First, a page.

Cartoonist Thi Bui Weaves Together Personal And Political History

Aug 1, 2018
Originally published on August 1, 2018 6:28 pm

Cartoonist Thi Bui's Eisner Award-nominated graphic memoir is called The Best We Could Do; it's the story of her family in the years before, during and after the Vietnam War. The Eisners — mainstream comics' top award — are given out every year at San Diego Comic-Con, where Bui was one of this year's featured guests.

Alone on stage for her spotlight panel at the convention, Bui invites audience members to come up and read passages from her novel. "There are several voices and I would like to not do them all," she says. "I'm going to try to entertain you before I make you sad." And her story is sad. Her parents lost nearly everything during the war, and ended up fleeing Vietnam in the late 1970s, when Bui was just a small child.

I meet up with Bui outside the San Diego Convention Center, as people in costumes rush to line up for more panels, and men ring bells on ice cream carts. She says the novel began with a grad school project. "I was a graduate student at NYU, deconstructing all of the bad representations of Vietnamese people in the Vietnam War in movies and pop culture and American scholarship, so it was a very academic grumpiness that I had at the beginning."

Bui wanted to do more with that research, to make it accessible to a wider audience. And she says graphic memoirs — like Art Spiegelman's Maus, about the Holocaust, and Marjane Satrapi's Persepolis, about growing up during Iran's Islamic Revolution — inspired her. "I really wanted to do what they did," she says, "weave the personal and the political and the historical to tell a story of the Vietnam War and all the things that caused it, in a way that I felt like I hadn't seen before."

So Bui interviewed the closest sources she had — her parents. She says telling them she was writing a book about their lives helped break the ice. "It's really hard to sit your parents down and say 'Tell me all about your painful history,' but if you tell them, 'I'm working on a book, could you help me with my school project,' then they'll oblige ... your oblique Asian strategies!"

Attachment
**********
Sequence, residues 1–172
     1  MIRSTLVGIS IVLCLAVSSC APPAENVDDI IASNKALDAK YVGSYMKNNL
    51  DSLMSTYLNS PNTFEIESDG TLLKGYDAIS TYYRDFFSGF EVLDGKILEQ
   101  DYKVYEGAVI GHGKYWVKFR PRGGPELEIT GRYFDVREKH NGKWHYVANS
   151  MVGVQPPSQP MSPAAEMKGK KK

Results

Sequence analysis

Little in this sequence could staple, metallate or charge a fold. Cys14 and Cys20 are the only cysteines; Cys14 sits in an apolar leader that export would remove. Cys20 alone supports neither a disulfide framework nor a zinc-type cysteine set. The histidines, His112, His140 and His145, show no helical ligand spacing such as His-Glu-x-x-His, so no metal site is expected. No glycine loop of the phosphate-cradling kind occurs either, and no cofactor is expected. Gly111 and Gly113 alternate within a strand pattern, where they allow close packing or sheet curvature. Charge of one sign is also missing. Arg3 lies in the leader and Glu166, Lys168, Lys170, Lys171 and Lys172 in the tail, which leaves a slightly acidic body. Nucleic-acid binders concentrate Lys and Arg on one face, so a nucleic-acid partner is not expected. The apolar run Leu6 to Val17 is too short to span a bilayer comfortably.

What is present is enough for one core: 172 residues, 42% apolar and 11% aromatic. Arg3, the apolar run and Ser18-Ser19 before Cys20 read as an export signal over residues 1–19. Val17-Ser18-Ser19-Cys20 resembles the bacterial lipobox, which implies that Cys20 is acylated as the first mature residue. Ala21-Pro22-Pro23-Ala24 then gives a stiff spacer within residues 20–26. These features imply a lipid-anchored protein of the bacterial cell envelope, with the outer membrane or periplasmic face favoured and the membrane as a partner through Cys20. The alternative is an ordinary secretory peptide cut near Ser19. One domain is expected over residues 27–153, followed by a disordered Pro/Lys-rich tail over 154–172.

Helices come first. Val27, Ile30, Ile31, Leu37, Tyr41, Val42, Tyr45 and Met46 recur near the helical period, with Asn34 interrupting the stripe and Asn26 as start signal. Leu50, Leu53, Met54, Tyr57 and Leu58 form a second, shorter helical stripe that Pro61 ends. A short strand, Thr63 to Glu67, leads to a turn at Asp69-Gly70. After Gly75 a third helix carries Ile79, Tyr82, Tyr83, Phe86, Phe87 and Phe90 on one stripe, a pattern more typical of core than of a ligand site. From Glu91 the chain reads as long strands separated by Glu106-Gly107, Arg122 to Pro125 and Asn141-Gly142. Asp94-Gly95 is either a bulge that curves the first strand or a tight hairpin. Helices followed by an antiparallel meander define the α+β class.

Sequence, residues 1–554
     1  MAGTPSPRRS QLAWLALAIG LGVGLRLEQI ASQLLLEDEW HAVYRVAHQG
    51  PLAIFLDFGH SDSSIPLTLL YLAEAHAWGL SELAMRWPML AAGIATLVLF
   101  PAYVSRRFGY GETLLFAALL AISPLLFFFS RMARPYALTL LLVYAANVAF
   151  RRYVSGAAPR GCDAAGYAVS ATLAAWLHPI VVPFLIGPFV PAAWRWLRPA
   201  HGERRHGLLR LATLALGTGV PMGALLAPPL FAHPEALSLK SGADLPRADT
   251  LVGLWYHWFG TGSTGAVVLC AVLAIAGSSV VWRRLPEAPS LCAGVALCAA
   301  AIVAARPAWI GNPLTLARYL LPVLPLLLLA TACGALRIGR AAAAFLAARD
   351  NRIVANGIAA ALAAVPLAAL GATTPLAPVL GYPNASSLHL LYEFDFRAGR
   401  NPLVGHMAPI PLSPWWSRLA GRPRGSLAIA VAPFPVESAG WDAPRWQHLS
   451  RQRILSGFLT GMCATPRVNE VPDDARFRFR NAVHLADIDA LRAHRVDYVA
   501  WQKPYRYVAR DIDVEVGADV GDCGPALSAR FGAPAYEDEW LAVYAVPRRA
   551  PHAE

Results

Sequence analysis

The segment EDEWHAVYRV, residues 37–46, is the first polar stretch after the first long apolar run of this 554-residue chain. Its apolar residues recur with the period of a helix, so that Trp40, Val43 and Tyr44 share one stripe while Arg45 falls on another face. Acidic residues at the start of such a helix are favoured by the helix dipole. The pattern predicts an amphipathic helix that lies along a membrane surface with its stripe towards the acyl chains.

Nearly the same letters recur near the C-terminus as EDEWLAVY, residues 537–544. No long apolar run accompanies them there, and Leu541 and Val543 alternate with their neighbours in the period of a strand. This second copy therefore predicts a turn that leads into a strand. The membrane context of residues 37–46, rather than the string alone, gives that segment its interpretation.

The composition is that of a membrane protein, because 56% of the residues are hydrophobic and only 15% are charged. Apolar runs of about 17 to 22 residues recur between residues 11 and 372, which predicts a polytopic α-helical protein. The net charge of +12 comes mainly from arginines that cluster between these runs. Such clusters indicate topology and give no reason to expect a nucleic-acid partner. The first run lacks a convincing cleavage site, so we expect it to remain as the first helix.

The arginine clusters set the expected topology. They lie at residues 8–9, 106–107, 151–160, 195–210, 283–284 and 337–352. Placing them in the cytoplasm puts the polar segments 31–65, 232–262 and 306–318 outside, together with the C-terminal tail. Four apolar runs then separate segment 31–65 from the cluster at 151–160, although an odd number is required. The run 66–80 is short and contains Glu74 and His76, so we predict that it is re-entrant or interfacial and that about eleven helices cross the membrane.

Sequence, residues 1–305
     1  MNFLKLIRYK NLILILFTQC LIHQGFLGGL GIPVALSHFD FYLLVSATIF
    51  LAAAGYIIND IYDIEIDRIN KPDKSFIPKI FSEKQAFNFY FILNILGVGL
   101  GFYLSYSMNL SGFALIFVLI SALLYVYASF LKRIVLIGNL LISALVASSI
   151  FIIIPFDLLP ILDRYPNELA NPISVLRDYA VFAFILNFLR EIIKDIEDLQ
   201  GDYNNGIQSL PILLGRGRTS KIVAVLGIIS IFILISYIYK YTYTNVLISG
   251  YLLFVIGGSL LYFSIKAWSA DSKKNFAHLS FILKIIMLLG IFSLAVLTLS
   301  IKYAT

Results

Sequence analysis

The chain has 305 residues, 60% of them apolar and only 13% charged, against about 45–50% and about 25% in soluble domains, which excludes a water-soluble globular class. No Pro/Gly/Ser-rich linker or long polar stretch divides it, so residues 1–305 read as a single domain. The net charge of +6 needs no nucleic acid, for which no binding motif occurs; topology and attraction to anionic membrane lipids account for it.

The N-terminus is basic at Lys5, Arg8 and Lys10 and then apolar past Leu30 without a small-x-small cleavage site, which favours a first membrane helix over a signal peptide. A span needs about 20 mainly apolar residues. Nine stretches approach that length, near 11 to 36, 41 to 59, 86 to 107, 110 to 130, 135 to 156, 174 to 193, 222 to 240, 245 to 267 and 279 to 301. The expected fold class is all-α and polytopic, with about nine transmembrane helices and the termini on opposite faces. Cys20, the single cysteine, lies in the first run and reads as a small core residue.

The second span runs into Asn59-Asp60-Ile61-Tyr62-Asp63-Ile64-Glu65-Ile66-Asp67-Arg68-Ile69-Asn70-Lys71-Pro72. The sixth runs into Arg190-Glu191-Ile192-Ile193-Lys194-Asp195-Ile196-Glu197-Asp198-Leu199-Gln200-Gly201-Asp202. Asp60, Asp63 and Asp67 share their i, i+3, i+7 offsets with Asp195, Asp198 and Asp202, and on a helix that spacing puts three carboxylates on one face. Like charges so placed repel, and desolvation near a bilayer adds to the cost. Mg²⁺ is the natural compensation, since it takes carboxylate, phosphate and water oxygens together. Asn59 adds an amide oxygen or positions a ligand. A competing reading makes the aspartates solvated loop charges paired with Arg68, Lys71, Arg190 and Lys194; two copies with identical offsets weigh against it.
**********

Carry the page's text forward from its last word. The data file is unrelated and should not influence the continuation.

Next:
The book delves as much into her family's history as it does Vietnam's; traumatic things her parents had seen as children and young adults in the years before and during the war. Bui says she asked basic questions to get the connective tissue of her parents' stories: "Was it hot, were you hungry, how did the sand feel on your feet after you lost your slippers in the boat?" These questions helped her parents recall rich details that Bui wove into the graphic novel. Details like the executions of political prisoners her father witnessed, how much money her mother got for selling her valuables, the dimensions of the boat her family took to flee Vietnam.

"I'd heard a lot of the stories growing up, and the stories were pretty heavy, and I would often hear them at times when I wasn't ready, so I had this kind of heaviness that I grew up with, and I wanted to make sense of the stories." Bui says she struggled with those stories of war and trauma and hardship, that they cast a shadow over her life. Then she had a son, and that experience shifted the way she approached The Best We Could Do. "I think that maybe if I had done it as not a parent, I might have been happy to just dwell in my trauma, but with a baby in hand, I was really concerned with not passing on that trauma myself, and so I needed to filter stuff out so I could pass on something cleaner."

And part of that healing came from examining her identity as a child of survivors, and especially as a person who'd left the place she'd been born. "That identity is like being the child of two divorced parents who won't talk to each other," Bui says. "I really yearn for reconciliation between people on both sides of that civil war. It's been my whole life, so understanding that your perspective is not the entire truth is an important stepping stone to getting there."

For now, she's reconciled her story with her parents' — and she says hopes her book can provide a starting point for others to do the same.

This story was edited for radio by Jolie Myers and adapted for the Web by Petra Mayer.

Copyright 2018 NPR. To see more, visit http://www.npr.org/.

AUDIE CORNISH, HOST: